So your home search has finally come to fruition and you have found a house you love. You are now ready to make an offer. Remember, presentation is everything!
6. Making an Unappealing Offer
Knowing the kind of market you are in is crucial to the type of offer you make on a property. In a seller's market many lower priced homes may receive multiple offers, with several cash buyers. With low inventory, the competition increases. Don't drag your feet on a property you like. Your offer and its presentation often tell the seller what type of buyer you will be. Are you difficult or cooperative? If you are financing, be prepared to make your offer as appealing as possible so you can compete with the cash buyers.
7. Misinterpreting Negotiations with Fighting
Often buyers misinterpret a seller's response to their initial offer. They get offended that the seller may be requesting a larger escrow deposit, or a shortened inspection period. Take the emotion out of the process. This is where your agent is crucial in providing a buffer and helping you secure a contract. Think like a seller. There are usually very good reasons why a seller makes certain demands. They want to be sure you are serious about going through with the transaction and not wasting their time.
8. Misunderstanding the Home Inspection
Very simply put, a home inspection doesn't tell you everything that is right with the property. It lets you know everything that is wrong with it. Don't dwell on the small repairs that are visible, and that you may or may not need to fix, anyway. You should concentrate on the things you can't see rather than those you can. The roof, the A/C, the plumbing, the electric, be sure you are aware of their age and current condition.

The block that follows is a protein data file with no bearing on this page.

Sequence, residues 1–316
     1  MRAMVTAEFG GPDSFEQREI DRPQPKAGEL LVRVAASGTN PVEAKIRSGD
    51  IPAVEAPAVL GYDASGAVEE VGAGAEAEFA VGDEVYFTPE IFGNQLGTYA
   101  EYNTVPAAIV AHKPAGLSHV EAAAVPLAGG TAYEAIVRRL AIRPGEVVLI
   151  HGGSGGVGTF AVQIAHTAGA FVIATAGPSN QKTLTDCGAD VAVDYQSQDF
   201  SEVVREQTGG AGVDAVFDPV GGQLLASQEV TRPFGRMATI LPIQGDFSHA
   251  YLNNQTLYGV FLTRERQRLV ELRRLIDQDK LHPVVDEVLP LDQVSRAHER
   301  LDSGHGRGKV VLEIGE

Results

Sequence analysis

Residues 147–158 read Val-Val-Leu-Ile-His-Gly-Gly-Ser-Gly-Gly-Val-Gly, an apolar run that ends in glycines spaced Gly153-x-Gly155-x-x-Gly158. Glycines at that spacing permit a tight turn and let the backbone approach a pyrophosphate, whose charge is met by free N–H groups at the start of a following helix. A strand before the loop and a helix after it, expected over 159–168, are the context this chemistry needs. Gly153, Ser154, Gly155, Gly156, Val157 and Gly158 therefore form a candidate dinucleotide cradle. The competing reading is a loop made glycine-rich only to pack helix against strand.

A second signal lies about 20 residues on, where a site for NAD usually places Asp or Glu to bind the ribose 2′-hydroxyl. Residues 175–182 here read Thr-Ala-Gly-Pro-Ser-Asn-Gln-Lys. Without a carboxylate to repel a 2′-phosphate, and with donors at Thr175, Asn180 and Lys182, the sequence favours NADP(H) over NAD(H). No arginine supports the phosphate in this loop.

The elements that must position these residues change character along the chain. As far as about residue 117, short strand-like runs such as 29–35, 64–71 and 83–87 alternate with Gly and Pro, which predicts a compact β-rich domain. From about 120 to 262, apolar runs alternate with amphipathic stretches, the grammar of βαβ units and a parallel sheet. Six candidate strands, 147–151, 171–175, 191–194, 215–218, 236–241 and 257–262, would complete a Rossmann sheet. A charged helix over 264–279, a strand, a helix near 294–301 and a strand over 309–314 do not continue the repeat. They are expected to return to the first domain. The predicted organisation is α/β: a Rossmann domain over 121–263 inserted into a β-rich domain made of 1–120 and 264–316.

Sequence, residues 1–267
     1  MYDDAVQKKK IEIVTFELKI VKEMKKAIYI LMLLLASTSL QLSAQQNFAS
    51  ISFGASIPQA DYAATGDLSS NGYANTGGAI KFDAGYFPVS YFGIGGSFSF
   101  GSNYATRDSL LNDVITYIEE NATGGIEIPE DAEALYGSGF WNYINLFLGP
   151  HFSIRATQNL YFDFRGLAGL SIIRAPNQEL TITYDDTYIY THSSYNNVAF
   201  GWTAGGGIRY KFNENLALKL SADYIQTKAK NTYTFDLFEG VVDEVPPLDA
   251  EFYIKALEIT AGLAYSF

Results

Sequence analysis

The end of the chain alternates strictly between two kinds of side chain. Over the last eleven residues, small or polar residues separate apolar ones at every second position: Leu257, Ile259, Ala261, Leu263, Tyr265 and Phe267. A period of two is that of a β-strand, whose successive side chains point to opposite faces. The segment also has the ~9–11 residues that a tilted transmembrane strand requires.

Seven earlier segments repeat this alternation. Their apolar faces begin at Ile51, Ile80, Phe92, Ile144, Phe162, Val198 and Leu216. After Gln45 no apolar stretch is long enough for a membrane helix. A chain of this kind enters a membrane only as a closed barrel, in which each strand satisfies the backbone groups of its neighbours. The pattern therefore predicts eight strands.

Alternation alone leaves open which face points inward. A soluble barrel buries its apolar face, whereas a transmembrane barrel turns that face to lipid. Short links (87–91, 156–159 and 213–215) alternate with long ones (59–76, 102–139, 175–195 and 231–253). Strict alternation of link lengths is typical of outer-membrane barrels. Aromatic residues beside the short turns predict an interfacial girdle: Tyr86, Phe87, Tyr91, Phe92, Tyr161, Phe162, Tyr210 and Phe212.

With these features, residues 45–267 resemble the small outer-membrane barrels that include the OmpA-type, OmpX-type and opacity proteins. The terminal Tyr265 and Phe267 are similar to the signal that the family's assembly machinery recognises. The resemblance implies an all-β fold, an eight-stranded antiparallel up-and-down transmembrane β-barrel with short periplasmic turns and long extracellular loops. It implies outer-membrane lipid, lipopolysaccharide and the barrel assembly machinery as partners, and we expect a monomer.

9. Missing or Ignoring Contract Deadlines
Florida is a very home buyer friendly state. The real estate contract can protect your interests. Judges are also very protective of buyer's rights. However, missing or ignoring contract deadlines is the quickest way to lose those rights and protections, and earn the ire of courts and judges. Be aware of ALL contractual dates and deadlines, including delivery of escrow deposits, inspection period, commitment period, and closing date, among others. Understand what each deadline requires. And know that every request, extension, revision, and cancellation MUST be in writing. Don't assume that a phone call to your agent will protect you if something goes wrong.
10. Not Knowing All the Costs Involved
It amazes me how many buyers reach a closing and are surprised by all the fees and costs involved in the purchase. Be sure to review your lender's Good Faith Estimate that is delivered to you when you first apply for your loan. It is usually a very good indication of all the costs involved. However, remember it is an "estimate" and some fees will change slightly during the process or at closing.